Nearly everyone has heard that you can determine the age of a tree by counting its rings. Now, researchers think trees can reveal other secrets, too, such as the timing of specific events dating back thousands of years. Scientists at Oxford University say that trees capture evidence of radiation bursts from solar storms in the form of “time markers” that could help researchers date significant events in world history. This discovery could help archaeologists pinpoint milestones in ancient civilizations.

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The Oxford research team discovered unusually high levels of the radioactive isotope carbon-14 in the rings of certain trees. The isotope stems from severe solar storms, and its enduring presence in tree-rings may help scientists more accurately date ancient events. Researchers believe that major solar storms sent bursts of radiation down to Earth in 775 and 994AD, which became trapped inside the rings of trees growing at that time. Catalogs of tree-ring data around the world include the growth year for each corresponding tree, so identifying the year in which a tree was exposed to elevated radioactivity becomes a relatively simple task.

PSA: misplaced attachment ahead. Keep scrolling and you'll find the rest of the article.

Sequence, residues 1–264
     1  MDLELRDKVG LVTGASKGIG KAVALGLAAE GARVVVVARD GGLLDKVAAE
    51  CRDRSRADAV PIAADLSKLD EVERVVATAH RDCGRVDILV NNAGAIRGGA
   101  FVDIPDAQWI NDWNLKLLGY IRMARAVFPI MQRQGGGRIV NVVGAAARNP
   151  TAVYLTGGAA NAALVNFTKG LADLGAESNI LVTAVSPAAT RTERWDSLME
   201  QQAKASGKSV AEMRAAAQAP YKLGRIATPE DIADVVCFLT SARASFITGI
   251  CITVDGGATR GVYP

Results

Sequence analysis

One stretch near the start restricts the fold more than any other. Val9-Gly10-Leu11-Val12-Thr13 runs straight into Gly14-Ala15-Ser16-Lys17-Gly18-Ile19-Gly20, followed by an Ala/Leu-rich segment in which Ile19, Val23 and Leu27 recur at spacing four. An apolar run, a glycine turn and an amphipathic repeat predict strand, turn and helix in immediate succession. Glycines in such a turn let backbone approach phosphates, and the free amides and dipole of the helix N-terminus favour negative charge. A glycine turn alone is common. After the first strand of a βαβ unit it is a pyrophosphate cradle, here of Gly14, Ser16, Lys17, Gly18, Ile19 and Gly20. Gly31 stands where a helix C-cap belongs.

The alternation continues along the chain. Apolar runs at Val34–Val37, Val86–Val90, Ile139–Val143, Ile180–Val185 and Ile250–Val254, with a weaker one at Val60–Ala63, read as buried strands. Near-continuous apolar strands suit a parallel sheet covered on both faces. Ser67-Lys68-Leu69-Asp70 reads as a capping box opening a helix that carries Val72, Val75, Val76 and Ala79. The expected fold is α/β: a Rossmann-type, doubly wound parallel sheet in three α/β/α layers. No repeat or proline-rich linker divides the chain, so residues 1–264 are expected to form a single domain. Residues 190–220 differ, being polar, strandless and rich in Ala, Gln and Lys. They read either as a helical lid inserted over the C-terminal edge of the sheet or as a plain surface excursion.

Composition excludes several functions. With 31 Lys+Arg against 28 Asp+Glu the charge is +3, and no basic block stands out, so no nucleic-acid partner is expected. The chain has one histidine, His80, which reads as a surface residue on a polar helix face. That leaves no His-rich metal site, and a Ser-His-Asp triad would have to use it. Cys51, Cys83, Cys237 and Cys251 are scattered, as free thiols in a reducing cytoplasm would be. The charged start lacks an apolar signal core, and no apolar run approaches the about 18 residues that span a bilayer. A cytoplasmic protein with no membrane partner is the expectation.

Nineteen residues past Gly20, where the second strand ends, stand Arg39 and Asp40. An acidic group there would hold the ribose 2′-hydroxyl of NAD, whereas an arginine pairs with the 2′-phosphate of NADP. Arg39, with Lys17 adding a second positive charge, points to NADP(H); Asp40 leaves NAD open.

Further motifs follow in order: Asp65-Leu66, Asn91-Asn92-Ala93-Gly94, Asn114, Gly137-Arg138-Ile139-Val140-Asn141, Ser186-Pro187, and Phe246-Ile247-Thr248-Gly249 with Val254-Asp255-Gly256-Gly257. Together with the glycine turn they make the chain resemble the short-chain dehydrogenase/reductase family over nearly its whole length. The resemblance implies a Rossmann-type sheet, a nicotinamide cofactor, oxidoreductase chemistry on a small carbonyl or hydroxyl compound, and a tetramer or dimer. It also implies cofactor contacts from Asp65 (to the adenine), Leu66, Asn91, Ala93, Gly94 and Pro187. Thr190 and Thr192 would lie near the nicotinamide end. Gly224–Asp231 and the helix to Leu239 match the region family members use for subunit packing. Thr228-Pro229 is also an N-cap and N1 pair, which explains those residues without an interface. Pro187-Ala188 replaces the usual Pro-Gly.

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Until now, archaeologists have had only vague ideas of when culturally significant events have taken place, such as milestones in ancient Egyptian and Mayan civilizations. With this new insight, radiocarbon dating of even just a few events can help frame future studies of ancient history. Oxford researchers point out that the radiation time-markers will also exist in every living plant or tree that grew during such a solar storm event, so the markers will be evident wherever those materials were used, such as an ancient building constructed from lumber or baskets woven from local plants.

The findings were recently published in the Proceedings of the Royal Society A.


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